a ride through the Federal lines at night
The battle of Chickamauga
was fought on the 19th and 20th of September, 1863.
The incident I am about to narrate was associated with the movement, a week before this battle, to attack in detail the widely separated corps of the Federal
army, which, crossing Lookout Mountain
, had descended through three defiles from ten to twenty miles apart.
Our division of cavalry (Martin
's) was moved by a rapid, all-night march from near Lee
and Gordon's Mills through Lafayette, Georgia
, in the direction of Alpine
It was a tiresome ride, and although we did our best, it was slow work for a large body of cavalry stretched along a country road, at night, with here and there a narrow or defective bridge or causeway.
We were the advance brigade, and I recall the fact that in the effort to get as much fun and frolic out of an uncomfortable situation as possible, a number of the best voices in the command had been gathered about the center of our regiment and were waking the echoes in the gloomy forests which hemmed us in, by singing lively war songs.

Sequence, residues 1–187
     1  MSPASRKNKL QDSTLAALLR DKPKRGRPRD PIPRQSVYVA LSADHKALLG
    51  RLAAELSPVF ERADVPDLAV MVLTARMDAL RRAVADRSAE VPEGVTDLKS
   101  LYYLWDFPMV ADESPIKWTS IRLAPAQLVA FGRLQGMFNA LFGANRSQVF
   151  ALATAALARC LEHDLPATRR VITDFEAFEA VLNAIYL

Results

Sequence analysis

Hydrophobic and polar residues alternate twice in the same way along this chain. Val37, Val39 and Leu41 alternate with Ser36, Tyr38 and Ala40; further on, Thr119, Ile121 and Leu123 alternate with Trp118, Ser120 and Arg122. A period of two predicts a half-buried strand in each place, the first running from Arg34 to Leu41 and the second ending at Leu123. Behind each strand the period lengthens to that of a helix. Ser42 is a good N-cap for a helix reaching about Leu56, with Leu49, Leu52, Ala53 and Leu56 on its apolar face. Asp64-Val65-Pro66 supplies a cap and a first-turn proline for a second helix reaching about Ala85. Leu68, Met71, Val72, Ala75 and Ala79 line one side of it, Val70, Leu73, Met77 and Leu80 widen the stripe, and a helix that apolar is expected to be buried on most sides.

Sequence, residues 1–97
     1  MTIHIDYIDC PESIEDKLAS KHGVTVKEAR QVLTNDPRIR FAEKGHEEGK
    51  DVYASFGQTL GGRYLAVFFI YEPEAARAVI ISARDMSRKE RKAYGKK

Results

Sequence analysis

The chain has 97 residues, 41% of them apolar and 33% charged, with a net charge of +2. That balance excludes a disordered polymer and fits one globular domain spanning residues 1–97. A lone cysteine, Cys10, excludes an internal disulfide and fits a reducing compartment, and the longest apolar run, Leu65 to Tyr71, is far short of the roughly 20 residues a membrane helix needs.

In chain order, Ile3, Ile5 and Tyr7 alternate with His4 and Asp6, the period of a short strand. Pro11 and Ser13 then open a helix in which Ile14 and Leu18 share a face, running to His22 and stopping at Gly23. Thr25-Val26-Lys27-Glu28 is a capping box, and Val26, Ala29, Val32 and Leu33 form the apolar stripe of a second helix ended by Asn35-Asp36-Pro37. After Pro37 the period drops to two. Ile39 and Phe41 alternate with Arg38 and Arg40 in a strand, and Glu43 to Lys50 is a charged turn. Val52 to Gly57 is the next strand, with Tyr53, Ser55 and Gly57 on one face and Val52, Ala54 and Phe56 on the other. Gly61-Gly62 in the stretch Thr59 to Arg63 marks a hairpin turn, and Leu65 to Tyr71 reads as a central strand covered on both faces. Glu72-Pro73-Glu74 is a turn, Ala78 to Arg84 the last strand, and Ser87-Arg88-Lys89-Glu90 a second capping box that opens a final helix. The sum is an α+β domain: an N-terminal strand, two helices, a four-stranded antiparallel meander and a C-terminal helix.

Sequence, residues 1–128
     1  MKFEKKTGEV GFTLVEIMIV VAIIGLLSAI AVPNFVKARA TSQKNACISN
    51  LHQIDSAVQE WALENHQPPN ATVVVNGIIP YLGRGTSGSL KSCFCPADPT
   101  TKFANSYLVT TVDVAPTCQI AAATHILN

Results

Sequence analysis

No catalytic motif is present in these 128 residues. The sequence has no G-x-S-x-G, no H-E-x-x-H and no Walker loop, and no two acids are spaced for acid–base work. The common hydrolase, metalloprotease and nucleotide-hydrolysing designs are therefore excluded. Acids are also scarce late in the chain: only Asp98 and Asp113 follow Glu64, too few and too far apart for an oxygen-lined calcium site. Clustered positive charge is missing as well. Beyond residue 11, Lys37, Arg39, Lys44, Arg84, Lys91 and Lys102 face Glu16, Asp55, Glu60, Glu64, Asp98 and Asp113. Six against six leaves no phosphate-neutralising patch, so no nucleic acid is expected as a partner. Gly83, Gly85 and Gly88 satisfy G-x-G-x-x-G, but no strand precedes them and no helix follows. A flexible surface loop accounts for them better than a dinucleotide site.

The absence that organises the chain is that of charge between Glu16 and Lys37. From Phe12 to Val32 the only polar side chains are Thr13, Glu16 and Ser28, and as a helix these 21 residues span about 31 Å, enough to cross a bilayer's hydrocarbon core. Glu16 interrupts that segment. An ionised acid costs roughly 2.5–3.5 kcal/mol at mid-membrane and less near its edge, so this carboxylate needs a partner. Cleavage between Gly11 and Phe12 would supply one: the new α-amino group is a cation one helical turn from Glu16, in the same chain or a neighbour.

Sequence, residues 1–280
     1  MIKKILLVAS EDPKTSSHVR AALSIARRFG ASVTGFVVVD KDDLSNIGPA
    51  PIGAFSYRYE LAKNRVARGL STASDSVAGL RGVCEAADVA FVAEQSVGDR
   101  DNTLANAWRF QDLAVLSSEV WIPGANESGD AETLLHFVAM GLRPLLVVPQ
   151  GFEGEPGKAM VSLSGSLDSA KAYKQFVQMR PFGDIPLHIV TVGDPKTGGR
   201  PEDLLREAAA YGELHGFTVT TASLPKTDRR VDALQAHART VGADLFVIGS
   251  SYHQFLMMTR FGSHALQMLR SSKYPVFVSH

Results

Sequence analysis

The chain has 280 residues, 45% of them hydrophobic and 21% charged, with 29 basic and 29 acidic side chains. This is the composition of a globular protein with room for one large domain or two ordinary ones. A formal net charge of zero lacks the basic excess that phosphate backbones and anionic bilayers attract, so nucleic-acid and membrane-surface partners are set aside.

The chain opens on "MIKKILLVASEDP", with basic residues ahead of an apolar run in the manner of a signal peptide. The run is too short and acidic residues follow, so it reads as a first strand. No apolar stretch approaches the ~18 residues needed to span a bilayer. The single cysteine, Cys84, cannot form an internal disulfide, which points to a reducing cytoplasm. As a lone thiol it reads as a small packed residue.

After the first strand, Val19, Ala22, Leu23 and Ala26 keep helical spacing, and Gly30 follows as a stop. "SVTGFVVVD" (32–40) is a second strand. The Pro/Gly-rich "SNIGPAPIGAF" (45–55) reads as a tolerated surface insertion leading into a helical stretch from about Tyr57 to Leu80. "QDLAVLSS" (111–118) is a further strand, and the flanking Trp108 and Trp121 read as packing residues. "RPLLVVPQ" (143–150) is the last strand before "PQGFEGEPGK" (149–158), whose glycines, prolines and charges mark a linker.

From my point of view, at that time, the war had become a very serious matter.
In the beginning I thought it would be a grand and exciting, yet short-lived, adventure, and with a host of others under military age hastened into the service fearing war might be over before we had a chance for the glory of it. That illusion had been dispelled.
Nearly three years had passed, and despite the patient toil and suffering and the heroic self-sacrifice of the battlefield, our army had met with so much disaster, it forced upon me the conclusion that our